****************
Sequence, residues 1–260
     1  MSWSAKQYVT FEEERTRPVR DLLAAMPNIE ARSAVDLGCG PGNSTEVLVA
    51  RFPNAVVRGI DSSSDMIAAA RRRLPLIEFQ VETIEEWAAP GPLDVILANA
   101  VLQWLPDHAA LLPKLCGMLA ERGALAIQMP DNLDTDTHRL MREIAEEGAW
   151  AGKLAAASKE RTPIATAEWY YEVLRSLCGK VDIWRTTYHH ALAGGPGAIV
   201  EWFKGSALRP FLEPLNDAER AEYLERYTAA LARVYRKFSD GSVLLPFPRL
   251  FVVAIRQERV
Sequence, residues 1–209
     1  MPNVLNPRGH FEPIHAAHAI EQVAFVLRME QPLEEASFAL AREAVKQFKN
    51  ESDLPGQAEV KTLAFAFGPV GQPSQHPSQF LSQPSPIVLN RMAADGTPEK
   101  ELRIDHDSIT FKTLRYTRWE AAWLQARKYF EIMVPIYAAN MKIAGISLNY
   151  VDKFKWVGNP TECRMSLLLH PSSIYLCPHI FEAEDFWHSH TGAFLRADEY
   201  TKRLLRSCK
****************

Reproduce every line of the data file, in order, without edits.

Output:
Sequence, residues 1–260
     1  MSWSAKQYVT FEEERTRPVR DLLAAMPNIE ARSAVDLGCG PGNSTEVLVA
    51  RFPNAVVRGI DSSSDMIAAA RRRLPLIEFQ VETIEEWAAP GPLDVILANA
   101  VLQWLPDHAA LLPKLCGMLA ERGALAIQMP DNLDTDTHRL MREIAEEGAW
   151  AGKLAAASKE RTPIATAEWY YEVLRSLCGK VDIWRTTYHH ALAGGPGAIV
   201  EWFKGSALRP FLEPLNDAER AEYLERYTAA LARVYRKFSD GSVLLPFPRL
   251  FVVAIRQERV
Sequence, residues 1–209
     1  MPNVLNPRGH FEPIHAAHAI EQVAFVLRME QPLEEASFAL AREAVKQFKN
    51  ESDLPGQAEV KTLAFAFGPV GQPSQHPSQF LSQPSPIVLN RMAADGTPEK
   101  ELRIDHDSIT FKTLRYTRWE AAWLQARKYF EIMVPIYAAN MKIAGISLNY
   151  VDKFKWVGNP TECRMSLLLH PSSIYLCPHI FEAEDFWHSH TGAFLRADEY
   201  TKRLLRSCK